Interior Reviews Coal Lease Program Leaving Manufacturers in Dust
Friday, the Department of Interior announced it would develop new guidelines for development of coal resources on federal lands. Included in the announcement was a moratorium on new leases of coal on these federal lands until a new environmental impact study is completed. These studies take years, and Secretary Sally Jewell said the moratorium on new leases will be in place until the study is complete.
“Manufacturers need reliable energy sources and a robust energy mix, and this new plan from the president erodes our energy future. As the leading industry in cutting climate-related emissions, we understand and face the challenge, but manufacturers need to remain competitive in today’s global economy. The American energy boom has been beneficial to manufacturers, but this action by the administration will diminish that advantage.” – Ross Eisenberg, vice president of energy and resources policy, National Association of Manufacturers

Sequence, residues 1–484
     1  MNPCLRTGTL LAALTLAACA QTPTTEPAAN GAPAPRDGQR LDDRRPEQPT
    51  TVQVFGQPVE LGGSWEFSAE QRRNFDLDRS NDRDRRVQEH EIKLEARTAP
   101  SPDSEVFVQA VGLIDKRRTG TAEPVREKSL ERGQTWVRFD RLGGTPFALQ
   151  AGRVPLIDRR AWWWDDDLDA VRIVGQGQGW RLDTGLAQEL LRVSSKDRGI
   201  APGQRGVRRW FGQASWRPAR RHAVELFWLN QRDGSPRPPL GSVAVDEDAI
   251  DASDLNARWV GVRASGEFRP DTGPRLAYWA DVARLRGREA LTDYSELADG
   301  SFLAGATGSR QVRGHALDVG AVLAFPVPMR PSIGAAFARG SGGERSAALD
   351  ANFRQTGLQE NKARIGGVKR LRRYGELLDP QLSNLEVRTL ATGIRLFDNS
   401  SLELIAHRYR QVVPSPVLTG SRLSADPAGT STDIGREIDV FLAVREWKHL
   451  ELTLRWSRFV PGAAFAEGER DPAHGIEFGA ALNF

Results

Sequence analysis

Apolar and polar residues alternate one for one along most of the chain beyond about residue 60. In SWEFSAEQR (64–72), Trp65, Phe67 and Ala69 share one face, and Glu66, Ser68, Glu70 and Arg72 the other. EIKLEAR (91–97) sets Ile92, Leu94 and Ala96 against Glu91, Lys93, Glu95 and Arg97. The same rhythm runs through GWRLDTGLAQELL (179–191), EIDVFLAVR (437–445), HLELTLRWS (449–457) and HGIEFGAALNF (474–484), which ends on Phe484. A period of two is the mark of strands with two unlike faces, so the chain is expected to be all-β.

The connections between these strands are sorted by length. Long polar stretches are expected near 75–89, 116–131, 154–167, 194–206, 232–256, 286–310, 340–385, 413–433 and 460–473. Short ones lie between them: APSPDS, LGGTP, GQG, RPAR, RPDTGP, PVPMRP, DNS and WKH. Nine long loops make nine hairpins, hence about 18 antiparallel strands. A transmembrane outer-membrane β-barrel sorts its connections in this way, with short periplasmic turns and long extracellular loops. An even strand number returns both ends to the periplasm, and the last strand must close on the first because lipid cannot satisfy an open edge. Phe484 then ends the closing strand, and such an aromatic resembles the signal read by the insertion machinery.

As users of one-third of the nation’s energy, manufacturers need a robust energy strategy that looks at all forms of energy, conventional and unconventional, to ensure an affordable and reliable supply. A key to our increasing global competitiveness, in addition to continuing growth in productivity, is reliable and affordable energy. Coal still provides nearly 40 percent of our electricity and gives manufacturers an advantage in a local economy. Also concerning in this announcement is the failure to examine the costs to manufacturing and the millions of supply-chain jobs directly and indirectly impacted by such a sweeping action.
Key concerns of manufacturers:
- A vague pledge to incorporate the flawed “social cost of carbon” computation into mine leasing.
- This move could artificially inflate electricity prices if royalty rates and leasing costs increase.
- Manufacturers and the more than 12 million men and women who work in American manufacturing gain a great deal of value from reliable and affordable energy.
- Adding to manufacturing costs through increased regulatory costs, and backdoor energy taxes, hurts the economy and does little to further the president’s goal of addressing income inequality.
Manufacturers will continue to fight for an inclusive energy policy from this administration and our next to ensure our ability to compete.
See the article here.
- On January 21, 2016